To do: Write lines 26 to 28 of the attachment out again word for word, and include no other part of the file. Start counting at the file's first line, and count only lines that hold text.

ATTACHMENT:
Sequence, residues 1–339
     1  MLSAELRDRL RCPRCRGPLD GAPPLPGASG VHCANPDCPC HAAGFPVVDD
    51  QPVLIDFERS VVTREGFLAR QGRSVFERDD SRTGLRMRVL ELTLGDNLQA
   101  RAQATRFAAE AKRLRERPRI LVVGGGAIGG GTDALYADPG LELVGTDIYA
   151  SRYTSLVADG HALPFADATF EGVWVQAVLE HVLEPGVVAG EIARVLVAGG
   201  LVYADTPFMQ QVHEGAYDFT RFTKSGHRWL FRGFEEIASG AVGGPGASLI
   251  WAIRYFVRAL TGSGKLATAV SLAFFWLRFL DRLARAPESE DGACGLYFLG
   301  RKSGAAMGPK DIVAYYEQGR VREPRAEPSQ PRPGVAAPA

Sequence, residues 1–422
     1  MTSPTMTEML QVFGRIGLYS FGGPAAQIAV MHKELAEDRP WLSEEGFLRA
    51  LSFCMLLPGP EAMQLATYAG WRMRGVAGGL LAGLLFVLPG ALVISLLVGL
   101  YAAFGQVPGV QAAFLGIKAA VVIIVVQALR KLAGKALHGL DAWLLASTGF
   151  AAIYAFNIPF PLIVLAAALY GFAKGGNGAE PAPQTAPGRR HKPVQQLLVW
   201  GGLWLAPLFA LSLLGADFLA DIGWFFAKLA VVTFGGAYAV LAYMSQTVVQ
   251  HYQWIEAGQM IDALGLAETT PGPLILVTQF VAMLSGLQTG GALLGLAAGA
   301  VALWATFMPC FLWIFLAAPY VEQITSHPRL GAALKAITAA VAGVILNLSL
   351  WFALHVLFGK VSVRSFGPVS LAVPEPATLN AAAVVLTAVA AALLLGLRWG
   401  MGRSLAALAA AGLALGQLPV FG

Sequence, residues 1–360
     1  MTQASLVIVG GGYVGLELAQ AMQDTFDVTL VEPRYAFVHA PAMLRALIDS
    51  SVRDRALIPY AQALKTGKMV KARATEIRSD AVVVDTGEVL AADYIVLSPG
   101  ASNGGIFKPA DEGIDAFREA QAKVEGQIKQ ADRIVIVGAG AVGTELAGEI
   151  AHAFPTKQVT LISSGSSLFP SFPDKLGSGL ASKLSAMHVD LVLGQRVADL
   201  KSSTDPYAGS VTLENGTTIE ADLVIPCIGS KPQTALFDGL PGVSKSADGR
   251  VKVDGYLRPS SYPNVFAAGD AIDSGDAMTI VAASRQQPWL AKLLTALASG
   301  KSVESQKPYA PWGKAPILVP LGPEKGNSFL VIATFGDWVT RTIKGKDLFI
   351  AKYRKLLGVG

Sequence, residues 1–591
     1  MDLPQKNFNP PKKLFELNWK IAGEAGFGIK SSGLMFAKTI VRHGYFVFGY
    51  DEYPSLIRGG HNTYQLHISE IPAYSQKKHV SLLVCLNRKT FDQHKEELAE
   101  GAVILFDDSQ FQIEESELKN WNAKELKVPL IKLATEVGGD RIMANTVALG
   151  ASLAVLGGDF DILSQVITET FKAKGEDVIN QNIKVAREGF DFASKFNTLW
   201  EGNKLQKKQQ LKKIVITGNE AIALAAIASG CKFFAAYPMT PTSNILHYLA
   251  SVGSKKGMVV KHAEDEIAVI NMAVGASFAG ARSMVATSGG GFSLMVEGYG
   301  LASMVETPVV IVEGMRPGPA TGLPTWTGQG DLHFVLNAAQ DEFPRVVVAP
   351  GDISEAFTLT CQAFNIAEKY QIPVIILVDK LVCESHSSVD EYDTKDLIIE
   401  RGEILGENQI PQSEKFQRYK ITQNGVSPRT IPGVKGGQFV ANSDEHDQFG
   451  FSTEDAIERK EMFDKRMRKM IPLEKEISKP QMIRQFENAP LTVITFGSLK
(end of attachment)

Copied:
   301  KSVESQKPYA PWGKAPILVP LGPEKGNSFL VIATFGDWVT RTIKGKDLFI
   351  AKYRKLLGVG

Sequence, residues 1–591